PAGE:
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British Airways has suffered a big data breach allegedly because of a skimmer attack, whereby malicious javascript code was injected into their site. See https://www.bbc.co.uk/news/technology-45481976

My question is, how to you protect against these kinds of skimmer attacks when modern websites rely so much on third-party javascript libraries?

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how to you protect against these kinds of skimmer attacks when modern websites rely so much on third party javascript libraries?

Simple answer, you cannot. If you use a third-party library by referencing it by URL and not copying the actual library files to your site, then you trust the third-party library maintainer to do his job (keeping you safe).

Miscreants know this and try very hard to infiltrate code into these third-party libraries.

More techy info on the subject: https://www.theregister.co.uk/2018/09/12/feedify_magecart_javascript_library_hacked/

Option 1: Do not use third-party libraries.

Option 2: Copy the actual JavaScript files to your site*, purge all unused code, maintain them yourself (you are creating a fork - added later after comments)* a̶n̶d̶ ̶u̶s̶e̶ ̶t̶h̶e̶m̶ ̶f̶r̶o̶m̶ ̶t̶h̶e̶r̶e̶. You will have to make sure you are allowed to do this (e.g. copyright, license), obligations might apply.

EDIT (after one comment):

Does not matter what you use, if you load resources from third parties, any resources, even encrypted, you trust the third party to keep you safe. Even option 2 (Copying the files) is not safe, unless you vet each line of every file you have copied and even then ... Option 1 is, imho, the only way to be sure.

Option 2 is safer than linking to remote resources because the punk would have to change the code on your server (provided, of course, the code was "clean" when you copied it), and if you have a punk on your server then you have other problems ...

Any 3rdparty can potentially be defeated and will attract more attackers if it is widely used. This has happened in the past already, with punks injecting cryptominers in JavaScript libraries, defeating Subresource Integrity, the code was sneaked into the libraries, the 3rdparty server "thought" the code was genuine ... not sure what happened with B.A., how the changes made their way into the website ...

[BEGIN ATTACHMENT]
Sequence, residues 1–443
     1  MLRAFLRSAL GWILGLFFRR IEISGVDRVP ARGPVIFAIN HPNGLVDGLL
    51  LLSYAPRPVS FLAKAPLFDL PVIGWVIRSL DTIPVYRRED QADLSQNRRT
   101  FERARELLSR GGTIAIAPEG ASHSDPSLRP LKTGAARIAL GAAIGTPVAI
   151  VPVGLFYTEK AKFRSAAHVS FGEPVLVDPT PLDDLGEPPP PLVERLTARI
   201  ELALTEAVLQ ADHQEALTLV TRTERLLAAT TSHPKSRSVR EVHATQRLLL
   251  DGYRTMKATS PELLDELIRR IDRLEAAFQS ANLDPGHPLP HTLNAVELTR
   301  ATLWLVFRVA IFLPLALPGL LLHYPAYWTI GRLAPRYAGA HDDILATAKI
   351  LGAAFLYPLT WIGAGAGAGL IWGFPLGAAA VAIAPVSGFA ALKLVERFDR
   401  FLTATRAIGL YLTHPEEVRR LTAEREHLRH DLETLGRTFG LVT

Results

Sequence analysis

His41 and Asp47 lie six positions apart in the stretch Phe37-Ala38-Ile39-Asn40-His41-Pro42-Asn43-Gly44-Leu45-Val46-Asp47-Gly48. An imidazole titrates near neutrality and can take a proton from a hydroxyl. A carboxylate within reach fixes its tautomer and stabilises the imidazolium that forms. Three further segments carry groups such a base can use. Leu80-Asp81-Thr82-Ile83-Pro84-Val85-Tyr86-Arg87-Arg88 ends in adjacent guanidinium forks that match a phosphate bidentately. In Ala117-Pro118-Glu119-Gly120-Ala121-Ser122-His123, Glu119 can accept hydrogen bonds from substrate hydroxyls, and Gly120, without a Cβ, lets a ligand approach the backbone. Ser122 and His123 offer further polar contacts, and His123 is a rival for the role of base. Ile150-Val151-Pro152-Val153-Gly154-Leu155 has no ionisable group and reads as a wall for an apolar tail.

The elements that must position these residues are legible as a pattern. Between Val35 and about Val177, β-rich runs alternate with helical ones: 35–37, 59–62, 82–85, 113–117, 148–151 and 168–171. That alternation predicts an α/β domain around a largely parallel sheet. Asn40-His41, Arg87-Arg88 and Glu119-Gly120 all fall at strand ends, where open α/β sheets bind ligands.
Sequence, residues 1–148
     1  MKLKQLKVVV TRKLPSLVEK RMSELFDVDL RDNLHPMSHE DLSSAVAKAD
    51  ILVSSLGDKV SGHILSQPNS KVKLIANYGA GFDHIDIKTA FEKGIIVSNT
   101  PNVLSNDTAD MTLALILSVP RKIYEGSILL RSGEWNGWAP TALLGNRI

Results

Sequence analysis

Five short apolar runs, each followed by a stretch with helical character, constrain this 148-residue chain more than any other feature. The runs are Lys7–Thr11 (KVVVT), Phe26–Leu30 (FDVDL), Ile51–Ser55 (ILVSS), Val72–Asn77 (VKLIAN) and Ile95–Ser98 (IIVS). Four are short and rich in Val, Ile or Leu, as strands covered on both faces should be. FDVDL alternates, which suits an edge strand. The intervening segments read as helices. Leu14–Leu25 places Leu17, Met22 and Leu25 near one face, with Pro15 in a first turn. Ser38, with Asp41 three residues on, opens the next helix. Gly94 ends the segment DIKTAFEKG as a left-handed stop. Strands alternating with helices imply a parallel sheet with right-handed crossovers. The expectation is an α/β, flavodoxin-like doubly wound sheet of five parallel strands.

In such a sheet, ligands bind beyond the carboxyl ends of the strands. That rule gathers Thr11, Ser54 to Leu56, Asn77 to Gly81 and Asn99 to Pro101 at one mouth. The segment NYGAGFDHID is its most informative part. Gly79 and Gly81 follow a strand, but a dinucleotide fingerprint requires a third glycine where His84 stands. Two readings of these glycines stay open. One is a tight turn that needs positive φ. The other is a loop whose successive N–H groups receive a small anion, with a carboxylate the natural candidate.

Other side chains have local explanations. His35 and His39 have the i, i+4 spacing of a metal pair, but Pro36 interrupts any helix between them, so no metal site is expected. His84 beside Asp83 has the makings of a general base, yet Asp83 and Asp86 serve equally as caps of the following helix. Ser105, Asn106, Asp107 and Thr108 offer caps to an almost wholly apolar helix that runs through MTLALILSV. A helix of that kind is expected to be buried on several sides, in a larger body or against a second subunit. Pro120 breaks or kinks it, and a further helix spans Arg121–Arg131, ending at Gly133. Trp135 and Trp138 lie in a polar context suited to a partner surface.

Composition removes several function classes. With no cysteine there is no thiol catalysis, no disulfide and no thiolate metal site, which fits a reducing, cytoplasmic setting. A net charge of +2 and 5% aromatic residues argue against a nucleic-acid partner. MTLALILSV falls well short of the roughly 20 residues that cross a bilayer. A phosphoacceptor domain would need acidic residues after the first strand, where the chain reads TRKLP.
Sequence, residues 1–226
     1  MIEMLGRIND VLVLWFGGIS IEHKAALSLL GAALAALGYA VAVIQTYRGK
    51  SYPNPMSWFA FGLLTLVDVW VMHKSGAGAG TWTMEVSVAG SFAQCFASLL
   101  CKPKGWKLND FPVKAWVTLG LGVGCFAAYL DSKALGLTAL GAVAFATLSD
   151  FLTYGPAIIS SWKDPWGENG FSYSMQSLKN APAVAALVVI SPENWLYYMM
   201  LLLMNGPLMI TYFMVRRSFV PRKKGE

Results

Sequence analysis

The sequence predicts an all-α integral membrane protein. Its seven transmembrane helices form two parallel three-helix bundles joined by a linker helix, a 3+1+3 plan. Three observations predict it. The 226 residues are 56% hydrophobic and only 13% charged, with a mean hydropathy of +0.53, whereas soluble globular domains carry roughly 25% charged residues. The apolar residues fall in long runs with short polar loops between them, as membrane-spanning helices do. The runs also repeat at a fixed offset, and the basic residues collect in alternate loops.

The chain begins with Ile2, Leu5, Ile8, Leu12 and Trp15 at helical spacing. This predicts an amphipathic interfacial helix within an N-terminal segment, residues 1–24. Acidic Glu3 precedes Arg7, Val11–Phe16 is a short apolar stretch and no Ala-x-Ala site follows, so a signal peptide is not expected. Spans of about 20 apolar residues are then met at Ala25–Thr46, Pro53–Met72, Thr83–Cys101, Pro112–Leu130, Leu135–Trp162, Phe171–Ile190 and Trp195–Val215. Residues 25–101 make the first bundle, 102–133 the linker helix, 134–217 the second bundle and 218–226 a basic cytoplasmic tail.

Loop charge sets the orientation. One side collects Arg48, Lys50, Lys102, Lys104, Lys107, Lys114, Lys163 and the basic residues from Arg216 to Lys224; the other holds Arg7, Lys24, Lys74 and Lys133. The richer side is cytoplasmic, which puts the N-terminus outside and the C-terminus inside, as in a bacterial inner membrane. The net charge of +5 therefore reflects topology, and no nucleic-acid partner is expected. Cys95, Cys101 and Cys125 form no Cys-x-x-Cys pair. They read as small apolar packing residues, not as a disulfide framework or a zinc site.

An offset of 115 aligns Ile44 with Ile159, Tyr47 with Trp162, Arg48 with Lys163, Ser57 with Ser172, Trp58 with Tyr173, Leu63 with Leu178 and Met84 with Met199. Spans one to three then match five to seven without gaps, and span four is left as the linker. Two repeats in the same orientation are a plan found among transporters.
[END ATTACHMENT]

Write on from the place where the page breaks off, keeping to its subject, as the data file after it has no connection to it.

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    Thanks for the answer. It is not however practical in all cases to copy the files locally. How about SRI (Subresource Integrity) hashing if the vendor supports it?
    – M Raymaker
    Sep 11, 2018 at 11:37
  • Echoing this, you're reliant on the organisation handling your data to ensure they have sufficient controls. Your best form of protection is likely to come from any subsequent actions taken with your bank to detect fraud on your account.
    – Doomgoose
    Sep 11, 2018 at 12:55
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    "defeating Subresource Integrity" [citation needed]. As you say copying files is only safe if you audit them, it's the same with SRI. Sep 11, 2018 at 13:03
  • I read somewhere, no time to look which, when etc (will look it up later today) ... the punk managed to commit to the git repo of a JavaScript library, changes were not properly vetted and the code was distributed... all you need (social engineering ?) are credentials of a dev who has access to the repo ...
    – thecarpy
    Sep 11, 2018 at 13:07
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    @thecarpy And that new version wouldn't match the SRI tag. If you update to a new version with a new hash, you have to audit it again. Same as copying a new version to your own server. It's not entirely clear that this is really the issue anyway, from what I've been reading it looks like they were able to add a malicious script tag on the site. Sep 11, 2018 at 13:14

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